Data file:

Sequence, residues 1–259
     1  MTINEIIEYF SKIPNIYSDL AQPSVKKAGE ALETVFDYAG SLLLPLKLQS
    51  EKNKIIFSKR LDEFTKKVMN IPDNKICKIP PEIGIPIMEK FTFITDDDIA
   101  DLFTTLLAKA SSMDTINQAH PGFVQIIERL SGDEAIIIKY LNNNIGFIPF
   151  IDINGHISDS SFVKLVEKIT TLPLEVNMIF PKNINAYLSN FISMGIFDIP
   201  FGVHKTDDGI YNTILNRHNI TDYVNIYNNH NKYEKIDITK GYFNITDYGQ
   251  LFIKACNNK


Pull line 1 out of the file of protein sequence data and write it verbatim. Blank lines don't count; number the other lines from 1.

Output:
Sequence, residues 1–259